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Andrés Guerrero Serrano

martes, 28 de junio de 2011

Complementary and alternative medicine used by children in military pediatric clinics.

(Extraído de PubMed.com)

J Altern Complement Med. 2011 Jun;17(6):531-7.

Huillet A, Erdie-Lalena C, Norvell D, Davis BE.


1 Developmental and Behavioral Pediatrics, Madigan Army Medical Center , Fort Lewis, WA.


Abstract Objectives: The objective of this study was to evaluate the prevalence, types, perceived effects, and factors that influence the use of complementary and alternative medicine (CAM) by military children. Design: A parent survey was administered in two military general pediatric clinics from June to September 2009. Parents completed surveys about their children including the following items: demographic information, a list of specific CAM therapies, family CAM use, and child health status. Results: Caregivers completed 278 surveys. The overall use of CAM was 23%. The most common type of CAM used was herbal therapy (34%). The CAM therapies most commonly reported to be very helpful were special diets (67%), melatonin (57%), vitamins and minerals used at doses higher than the recommended daily allowance (50%), and massage therapy (50%). The majority of users reported no side-effects (96%). Among CAM users, 53% had discussed their CAM use with a physician and 47% had seen a CAM practitioner. Factors associated with CAM use in multiple regression analysis included chronic conditions (p = 0.001), parent/sibling use of CAM (p < 0.001), and parent age over 30 years (p = 0.02). Primary sources of CAM information were friends and family (68%) and doctors (44%). Common reasons for using CAM were to promote general health (70%), to relieve symptoms (56%), and to improve quality of life (48%). Eighty percent (80%) of all respondents indicated they would use CAM if recommended by a physician. Conclusions: In this military population with access to universal health care, CAM use is higher than the U.S. national average and nearly double that of the 2007 National Health Interview Survey study. Patients with chronic conditions, family members using CAM, and parental age over 30 years are more likely to use CAM. CAM is perceived as helpful with minimal to no side-effects. Pediatricians should inquire about CAM use and be prepared to provide guidance on this topic.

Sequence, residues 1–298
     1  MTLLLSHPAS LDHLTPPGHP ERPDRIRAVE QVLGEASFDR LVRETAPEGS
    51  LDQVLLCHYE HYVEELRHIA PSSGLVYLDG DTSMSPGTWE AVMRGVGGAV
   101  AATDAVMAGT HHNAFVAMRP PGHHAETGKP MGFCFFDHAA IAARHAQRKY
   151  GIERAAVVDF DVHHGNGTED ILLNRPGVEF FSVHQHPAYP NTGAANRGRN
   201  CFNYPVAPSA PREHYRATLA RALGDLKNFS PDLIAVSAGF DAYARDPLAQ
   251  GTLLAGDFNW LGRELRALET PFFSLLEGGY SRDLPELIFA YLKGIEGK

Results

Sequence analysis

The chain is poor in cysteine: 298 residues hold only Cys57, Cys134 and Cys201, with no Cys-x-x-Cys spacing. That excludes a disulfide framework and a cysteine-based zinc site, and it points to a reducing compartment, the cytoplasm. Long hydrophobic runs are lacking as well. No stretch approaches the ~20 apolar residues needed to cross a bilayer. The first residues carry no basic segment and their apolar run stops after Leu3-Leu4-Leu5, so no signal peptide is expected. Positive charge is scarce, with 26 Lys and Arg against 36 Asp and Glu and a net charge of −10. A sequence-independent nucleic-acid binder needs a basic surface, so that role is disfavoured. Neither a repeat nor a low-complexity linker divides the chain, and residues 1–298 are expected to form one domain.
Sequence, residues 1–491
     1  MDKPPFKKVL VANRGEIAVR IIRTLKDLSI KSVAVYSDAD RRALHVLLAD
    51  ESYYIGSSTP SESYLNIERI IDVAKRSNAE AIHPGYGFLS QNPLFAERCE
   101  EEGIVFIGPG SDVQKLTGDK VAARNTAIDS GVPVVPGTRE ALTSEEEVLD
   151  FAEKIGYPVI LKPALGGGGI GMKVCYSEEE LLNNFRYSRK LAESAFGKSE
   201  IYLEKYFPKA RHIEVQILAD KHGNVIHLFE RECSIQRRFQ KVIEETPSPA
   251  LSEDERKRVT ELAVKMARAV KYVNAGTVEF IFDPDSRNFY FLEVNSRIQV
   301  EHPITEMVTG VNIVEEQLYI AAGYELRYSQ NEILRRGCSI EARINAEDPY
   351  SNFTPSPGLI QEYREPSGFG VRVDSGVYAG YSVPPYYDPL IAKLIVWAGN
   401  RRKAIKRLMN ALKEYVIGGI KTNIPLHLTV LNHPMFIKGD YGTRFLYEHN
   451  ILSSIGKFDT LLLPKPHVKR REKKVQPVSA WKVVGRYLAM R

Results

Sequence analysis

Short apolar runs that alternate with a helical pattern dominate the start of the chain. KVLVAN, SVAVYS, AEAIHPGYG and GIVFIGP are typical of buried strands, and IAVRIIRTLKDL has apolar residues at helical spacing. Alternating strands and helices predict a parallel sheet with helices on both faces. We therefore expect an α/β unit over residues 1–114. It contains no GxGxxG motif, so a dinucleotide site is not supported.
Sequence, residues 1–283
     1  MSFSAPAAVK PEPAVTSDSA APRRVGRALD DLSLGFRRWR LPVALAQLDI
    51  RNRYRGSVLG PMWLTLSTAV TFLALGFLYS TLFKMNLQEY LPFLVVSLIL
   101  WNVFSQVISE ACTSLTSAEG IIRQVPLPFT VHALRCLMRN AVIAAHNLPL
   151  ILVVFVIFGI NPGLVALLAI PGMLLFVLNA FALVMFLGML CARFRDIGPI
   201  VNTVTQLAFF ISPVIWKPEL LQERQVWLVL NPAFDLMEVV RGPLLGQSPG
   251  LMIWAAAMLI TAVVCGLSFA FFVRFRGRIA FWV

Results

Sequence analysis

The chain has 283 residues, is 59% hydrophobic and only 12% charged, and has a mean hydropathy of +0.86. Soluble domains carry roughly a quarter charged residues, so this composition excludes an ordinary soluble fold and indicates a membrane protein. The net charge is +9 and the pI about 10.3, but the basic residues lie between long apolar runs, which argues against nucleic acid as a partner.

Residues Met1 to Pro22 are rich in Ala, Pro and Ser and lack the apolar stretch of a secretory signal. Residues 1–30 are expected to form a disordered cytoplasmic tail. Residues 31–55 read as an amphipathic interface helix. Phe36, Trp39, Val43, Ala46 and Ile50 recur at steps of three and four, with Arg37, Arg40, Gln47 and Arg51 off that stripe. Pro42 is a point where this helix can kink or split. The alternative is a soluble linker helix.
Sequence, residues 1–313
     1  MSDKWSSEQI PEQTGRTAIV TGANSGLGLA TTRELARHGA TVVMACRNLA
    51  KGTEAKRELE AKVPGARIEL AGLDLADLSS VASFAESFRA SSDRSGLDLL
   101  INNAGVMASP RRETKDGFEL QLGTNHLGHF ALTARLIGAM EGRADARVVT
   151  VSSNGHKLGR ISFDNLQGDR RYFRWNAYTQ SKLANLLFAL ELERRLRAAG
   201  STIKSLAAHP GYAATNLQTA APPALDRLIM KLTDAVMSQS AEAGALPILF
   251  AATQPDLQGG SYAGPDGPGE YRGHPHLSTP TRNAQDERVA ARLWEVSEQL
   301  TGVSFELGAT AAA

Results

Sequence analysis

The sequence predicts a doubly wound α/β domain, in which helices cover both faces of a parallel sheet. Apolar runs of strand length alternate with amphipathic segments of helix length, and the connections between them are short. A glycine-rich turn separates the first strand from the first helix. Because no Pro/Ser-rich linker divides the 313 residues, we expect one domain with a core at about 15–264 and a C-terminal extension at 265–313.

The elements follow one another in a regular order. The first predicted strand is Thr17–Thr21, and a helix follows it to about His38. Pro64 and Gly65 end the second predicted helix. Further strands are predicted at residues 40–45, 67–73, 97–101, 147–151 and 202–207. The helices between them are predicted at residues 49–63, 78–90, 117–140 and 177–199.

[PubMed - in process]

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